Many of us may believe that spring marks the end of flu season, but that’s not quite the case. While flu season typically peaks between December and February, according to the Centers for Disease Control (CDC), there are cases that occur throughout the year. In recent weeks, health officials in Michigan have reported an increase in influenza activity in the southeast and southwest regions. Across the country and in Michigan, Influenza A is the main type in circulation. Flu activity is still lower than “normal,” but the virus can pose a risk – especially to certain groups and those with compromised immune systems. To avoid the spread of flu and stay healthy as you head into the summer months, it’s important to remember to frequently wash your hands, cover mouths when coughing and stay home if you’re sick, as well as keeping up to date with flu vaccines.
What is Influenza A?
There are two main types of the influenza virus that cause severe illness in humans: Influenza A and Influenza B. Influenza A has several types, including H1N1 and H3N2. Influenza A can cause severe flu infections in children and adults. It’s a highly contagious, respiratory illness that spreads through the tiny drops of bodily fluid shared by talking, sneezing or coughing.
What are the symptoms of Influenza A?
Symptoms come on suddenly. Influenza A often has the same symptoms of Influenza B:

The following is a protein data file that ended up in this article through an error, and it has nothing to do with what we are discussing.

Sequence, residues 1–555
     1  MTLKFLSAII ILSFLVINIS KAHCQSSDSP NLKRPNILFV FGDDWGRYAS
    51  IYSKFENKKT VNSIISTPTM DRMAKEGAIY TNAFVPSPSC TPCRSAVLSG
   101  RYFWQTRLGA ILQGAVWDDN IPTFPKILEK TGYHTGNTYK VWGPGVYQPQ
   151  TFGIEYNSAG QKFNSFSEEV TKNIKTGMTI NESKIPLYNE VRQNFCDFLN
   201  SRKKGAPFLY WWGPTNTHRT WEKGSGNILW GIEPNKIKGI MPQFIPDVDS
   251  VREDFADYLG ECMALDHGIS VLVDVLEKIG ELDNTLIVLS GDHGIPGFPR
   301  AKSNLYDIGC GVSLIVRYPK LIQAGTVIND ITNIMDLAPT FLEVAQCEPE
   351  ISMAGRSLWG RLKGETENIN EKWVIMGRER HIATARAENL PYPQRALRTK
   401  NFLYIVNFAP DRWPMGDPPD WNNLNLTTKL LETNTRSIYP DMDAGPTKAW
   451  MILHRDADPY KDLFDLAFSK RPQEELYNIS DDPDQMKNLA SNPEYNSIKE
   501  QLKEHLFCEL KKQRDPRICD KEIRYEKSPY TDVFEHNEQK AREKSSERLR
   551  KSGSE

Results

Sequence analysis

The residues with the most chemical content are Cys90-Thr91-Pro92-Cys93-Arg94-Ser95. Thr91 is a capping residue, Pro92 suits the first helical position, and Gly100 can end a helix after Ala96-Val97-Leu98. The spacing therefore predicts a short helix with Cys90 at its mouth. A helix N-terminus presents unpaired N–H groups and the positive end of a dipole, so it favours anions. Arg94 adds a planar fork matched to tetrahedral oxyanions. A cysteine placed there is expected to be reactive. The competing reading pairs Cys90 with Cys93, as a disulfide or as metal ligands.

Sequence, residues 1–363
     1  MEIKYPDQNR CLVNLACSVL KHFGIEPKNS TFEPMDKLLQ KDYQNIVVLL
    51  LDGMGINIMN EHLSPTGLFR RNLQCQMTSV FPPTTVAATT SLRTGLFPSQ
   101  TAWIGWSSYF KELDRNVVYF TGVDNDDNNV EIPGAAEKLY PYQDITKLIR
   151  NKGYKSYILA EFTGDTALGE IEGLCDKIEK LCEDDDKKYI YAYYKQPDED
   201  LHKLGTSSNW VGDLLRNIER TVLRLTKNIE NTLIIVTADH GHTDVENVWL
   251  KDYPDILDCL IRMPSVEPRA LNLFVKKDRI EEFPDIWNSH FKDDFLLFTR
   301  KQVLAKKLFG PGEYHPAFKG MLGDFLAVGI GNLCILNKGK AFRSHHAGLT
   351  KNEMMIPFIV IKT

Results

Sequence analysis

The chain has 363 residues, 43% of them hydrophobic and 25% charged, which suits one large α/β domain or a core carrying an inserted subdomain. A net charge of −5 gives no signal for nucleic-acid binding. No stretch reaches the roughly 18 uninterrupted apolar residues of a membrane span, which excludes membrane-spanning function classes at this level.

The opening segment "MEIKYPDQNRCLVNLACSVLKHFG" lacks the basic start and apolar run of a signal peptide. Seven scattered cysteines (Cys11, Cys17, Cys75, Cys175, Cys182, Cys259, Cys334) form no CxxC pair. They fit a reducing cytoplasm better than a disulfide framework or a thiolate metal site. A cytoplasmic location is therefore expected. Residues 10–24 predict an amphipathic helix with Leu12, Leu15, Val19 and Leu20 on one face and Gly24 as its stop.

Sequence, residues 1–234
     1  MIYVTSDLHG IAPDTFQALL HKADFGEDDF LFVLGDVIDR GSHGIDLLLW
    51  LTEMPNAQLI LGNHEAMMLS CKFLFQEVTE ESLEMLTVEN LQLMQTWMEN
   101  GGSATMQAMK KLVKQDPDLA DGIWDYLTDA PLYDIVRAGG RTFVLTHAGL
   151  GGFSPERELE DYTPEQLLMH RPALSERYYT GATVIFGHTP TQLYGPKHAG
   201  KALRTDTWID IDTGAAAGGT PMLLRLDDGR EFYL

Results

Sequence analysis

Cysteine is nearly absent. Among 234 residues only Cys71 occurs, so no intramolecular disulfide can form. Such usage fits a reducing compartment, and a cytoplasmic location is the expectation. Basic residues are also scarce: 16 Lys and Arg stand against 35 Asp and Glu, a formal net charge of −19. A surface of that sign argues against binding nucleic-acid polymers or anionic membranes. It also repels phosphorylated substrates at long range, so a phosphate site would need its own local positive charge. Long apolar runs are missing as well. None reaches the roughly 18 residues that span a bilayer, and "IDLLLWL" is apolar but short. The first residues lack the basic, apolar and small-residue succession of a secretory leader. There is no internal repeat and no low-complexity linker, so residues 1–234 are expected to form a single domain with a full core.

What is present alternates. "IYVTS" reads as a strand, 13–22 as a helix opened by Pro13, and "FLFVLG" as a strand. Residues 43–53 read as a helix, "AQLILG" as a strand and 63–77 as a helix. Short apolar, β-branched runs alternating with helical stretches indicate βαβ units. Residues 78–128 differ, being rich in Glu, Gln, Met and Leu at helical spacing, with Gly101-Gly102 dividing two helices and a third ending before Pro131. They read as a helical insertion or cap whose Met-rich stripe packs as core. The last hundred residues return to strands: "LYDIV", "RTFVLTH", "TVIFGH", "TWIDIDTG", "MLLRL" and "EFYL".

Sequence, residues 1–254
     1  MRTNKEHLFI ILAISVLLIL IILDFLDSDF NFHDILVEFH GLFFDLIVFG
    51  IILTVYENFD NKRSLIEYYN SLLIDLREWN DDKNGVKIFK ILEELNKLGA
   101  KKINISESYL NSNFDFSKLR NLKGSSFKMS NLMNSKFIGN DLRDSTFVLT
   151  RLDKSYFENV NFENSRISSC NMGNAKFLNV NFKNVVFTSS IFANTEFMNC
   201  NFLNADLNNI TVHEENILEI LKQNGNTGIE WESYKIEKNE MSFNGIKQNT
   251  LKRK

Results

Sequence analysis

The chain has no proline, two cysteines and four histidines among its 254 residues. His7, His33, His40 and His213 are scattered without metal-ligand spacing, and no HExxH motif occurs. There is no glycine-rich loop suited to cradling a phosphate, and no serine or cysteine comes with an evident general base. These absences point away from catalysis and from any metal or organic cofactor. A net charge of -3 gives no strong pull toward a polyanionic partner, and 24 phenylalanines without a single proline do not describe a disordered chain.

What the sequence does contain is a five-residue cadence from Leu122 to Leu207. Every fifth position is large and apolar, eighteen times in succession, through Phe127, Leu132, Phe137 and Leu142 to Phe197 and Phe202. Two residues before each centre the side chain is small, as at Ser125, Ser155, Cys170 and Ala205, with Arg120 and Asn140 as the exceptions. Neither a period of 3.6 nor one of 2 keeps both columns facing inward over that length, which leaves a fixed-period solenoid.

- Congestion or runny nose
- Fever or chills – though not everyone will experience fever
- Muscle or body aches
- Some individuals may experience vomiting and diarrhea, though this is more common in children
- Sore throat
Symptoms should resolve in under two weeks – but complications can develop. They can be moderate, like an ear infection, or serious, like pneumonia. Some individuals are at a higher risk of complications from the flu:
- Children, especially young children and those under the age of 2 years
- Pregnant women
- Adults age 65 years and older
- Individuals with underlying medical conditions
What’s the best way to prevent Influenza A?
Flu vaccines are the best way to prevent Influenza A and B. It’s not too late to receive a flu shot, especially if flu is still prevalent on our communities. Only 32% of Michigan residents have received a flu shot for this season, which spans from fall 2021 to late spring 2022. Everyone ages six months old and up should receive a flu shot each flu season. Flu shots can be obtained at the same time as other vaccines, including the COVID-19 vaccines. Pregnant women should receive a flu shot during each pregnancy. Find a flu shot near you. More from MIBluesPerspectives:
- Building the Body’s Flu Immunity
- Stress and Aging: What Millennials Should Know
- Child Abuse Prevention as Public Health
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